Our alleged Prime Minister Alexander Boris de Pfeffel Johnson claims that this is the point in the Brexit negotiations when “the rubber hits the road”. There will be a solution to the so-called Irish Backstop. But his proposals have already been leaked, and been given the thumbs down. Here’s what the BBC had to say about events.
A total Muppet. And Elmo from Sesame Street
“The Irish broadcaster RTE had reported that a ‘string of customs posts perhaps five to 10 miles away from the frontier’ had been floated by the UK. But Ireland's Deputy Prime Minister Simon Coveney said the plans were a ‘non-starter’, tweeting that Northern Ireland and the Republic of Ireland ‘deserve better’”. So what say Bozo to that?
“The prime minister told Breakfast: ‘They are not talking about the proposals that we are actually going to be tabling. They are talking about some stuff that went in previously.’” Yeah, right. Given the timeframe, and the number of people working on the UK’s proposals, we can say with significant confidence that Bozo’s pants are on fire.
So expect more bluster from the Tories, but it’s almost certain that what will be proposed to the EU is as described by Tony Connelly of RTÉ: “the UK has proposed a string of 'customs clearance centres’ on both sides of the Irish border as a key part of its plan to replace the backstop, RTE News understands. The ‘centres’, effectively customs posts, would be located between 5-10 miles ‘back’ from the border”.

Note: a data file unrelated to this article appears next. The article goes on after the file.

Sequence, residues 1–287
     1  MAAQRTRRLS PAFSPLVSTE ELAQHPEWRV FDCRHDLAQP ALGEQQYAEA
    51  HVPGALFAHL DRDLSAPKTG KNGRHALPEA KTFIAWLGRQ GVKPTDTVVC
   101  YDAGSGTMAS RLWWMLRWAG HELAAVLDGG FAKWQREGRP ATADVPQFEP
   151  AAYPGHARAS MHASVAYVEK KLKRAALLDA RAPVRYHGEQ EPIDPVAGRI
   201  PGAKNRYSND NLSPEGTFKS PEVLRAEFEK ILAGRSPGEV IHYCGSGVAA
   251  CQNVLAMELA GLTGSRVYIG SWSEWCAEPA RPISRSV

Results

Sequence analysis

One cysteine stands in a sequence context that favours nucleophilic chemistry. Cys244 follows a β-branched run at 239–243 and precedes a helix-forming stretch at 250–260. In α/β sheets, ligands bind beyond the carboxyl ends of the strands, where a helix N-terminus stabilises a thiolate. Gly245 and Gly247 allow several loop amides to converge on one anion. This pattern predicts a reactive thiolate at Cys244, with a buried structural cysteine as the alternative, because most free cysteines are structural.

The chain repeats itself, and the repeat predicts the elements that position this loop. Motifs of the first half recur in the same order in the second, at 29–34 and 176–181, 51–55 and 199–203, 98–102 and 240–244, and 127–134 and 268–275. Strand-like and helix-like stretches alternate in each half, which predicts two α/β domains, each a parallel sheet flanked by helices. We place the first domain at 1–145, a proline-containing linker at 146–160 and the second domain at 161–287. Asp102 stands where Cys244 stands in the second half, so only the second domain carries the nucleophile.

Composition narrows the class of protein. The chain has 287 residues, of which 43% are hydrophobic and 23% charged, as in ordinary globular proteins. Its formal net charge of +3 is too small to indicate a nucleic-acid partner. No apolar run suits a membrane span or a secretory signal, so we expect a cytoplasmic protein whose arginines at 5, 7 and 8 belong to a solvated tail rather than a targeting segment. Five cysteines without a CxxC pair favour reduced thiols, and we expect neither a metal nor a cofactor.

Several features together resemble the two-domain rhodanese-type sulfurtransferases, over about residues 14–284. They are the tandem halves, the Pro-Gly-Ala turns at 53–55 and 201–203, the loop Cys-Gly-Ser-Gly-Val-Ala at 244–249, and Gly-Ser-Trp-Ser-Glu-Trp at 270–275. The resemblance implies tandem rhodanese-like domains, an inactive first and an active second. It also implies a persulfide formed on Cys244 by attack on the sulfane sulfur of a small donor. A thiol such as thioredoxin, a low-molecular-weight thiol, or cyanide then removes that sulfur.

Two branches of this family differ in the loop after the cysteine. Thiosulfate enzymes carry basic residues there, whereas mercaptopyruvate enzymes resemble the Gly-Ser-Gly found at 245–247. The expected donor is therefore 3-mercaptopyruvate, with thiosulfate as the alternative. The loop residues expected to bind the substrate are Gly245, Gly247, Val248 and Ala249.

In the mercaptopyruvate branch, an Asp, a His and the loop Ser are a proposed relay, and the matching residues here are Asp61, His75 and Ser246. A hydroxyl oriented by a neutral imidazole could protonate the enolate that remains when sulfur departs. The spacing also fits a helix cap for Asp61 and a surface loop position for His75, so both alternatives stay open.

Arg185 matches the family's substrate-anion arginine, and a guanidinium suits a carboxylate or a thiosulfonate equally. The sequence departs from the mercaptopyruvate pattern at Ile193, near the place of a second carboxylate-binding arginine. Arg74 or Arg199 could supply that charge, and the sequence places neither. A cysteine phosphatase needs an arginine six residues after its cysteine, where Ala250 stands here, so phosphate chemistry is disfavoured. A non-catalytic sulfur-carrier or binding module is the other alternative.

Connelly concludes “Dublin and Brussels will take a dim view of them … The main argument against this approach is that all the technology in the world is of no use if the actual customs tariff makes your cross-border business unviable, especially if you're in agrifood”. As to that 10 mile zone, the Guardian’s Lisa O’Carroll has bad news.
“This idea of customs 10m away from border was dismissed long time ago as was free trade zone around the border. It suggests little knowledge of the geography of the border”. A 10 mile zone would go beyond Derry, Enniskillen, Armagh and Newry; Ms O’Carroll cites one example - around Clones - where imposing such a concept would be impossible.
But, as the Telegraph’s Europe editor Peter Foster has told, “Can confirm, per source, that this plan reported by [Tony Connelly] IS indeed in the UK [Brexit] backstop proposal that Boris Johnson will start to brief to EU Leaders tomorrow”. He adds, ominously, “It is, frankly, hard to square these proposals with UK being a co-guarantor of the Good Friday Agreement”. So what are the prospects of acceptance?
“You would have had to live in a hole the last three years to think this has any prospect of being accepted by the EU side or the Irish government. This could not be seen as a serious attempt to get a (negotiable) deal, given EU positions”. And, right on cue, has come a response from Tánaiste Simon Coveney in confirmation.
“Non-Paper = Non-Starter. Time the EU had a serious proposal from the UK Govt if a [Brexit] deal is to be achievable in October. NI and IRE deserves better!”
Bozo’s brave new deal is already dead. It’s almost as if he isn’t serious about getting one.
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